Computer Science Colloquium
    GUEST TALK.  Note unusual hour  on Thursday 07/04/2011
Time+Place : Thursday 07/04/2011 15:00 room 337-8 Taub  Bld.
Speaker    : David Woodruff SPECIAL GUEST TALK.  Note unusual hour
Affiliation: IBM Almaden
Host       : Yuval Ishai
Title      : Near-Optimal Private Approximation Protocols via a
             Black Box Transformation
Abstract   :
A private approximation of a function f is defined to be another
function that approximates f in the usual sense, but does not reveal
any information about its input other than what can be deduced from
knowing the exact function value f.  In general it is insufficient to
use generic techniques in cryptography to design private
approximations from non-private approximations. This is because,
somewhat counterintuitively, the approximation may reveal more
information about the input than what the exact function value reveals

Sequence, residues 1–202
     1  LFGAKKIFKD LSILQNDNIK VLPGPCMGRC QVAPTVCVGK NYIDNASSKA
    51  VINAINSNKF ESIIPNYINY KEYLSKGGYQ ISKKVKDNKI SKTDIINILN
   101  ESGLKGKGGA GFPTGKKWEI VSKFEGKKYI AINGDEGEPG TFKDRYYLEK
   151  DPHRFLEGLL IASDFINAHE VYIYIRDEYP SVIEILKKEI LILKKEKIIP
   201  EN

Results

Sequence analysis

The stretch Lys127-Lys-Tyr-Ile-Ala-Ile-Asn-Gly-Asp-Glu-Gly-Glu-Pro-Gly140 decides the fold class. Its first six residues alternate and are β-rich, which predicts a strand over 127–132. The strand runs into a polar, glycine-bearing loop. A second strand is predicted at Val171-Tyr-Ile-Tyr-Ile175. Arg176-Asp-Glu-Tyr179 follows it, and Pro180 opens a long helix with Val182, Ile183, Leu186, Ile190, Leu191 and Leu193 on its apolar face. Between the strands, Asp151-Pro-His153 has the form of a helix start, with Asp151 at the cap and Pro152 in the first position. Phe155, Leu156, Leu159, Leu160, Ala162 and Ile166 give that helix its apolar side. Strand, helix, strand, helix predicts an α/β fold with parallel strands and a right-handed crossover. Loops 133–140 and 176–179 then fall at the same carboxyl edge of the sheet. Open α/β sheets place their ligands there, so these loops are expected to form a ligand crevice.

about the input. For example, the least-significant bit of a +- 1
approximation to the Hamming distance between two input vectors may be
set to equal a particular bit of an input vector.
We show the following general transformation: any two-party protocol
for outputting a (1+eps)-approximation to f(x,y) = sum_{j=1}^n g(x_j,
y_j) with constant probability, for any non-negative efficiently
computable function g, can be transformed into a two-party private
approximation protocol with only a polylogarithmic factor loss in
communication, computation, and round complexity. Applying our
transformation and variations of it, we obtain near-optimal private
approximation protocols for a wide range of problems in the data
stream literature for which previously nothing was known.
To appear in STOC, 2011.
Short Bio:
David Woodruff did his B.S. degrees in mathematics and computer
science, and his Ph.D. in theoretical computer science, each at MIT.
His advisor was Piotr Indyk. He graduated in 2007 and joined the
theory group at IBM Almaden as a Research Staff Member, where he has
been ever since.
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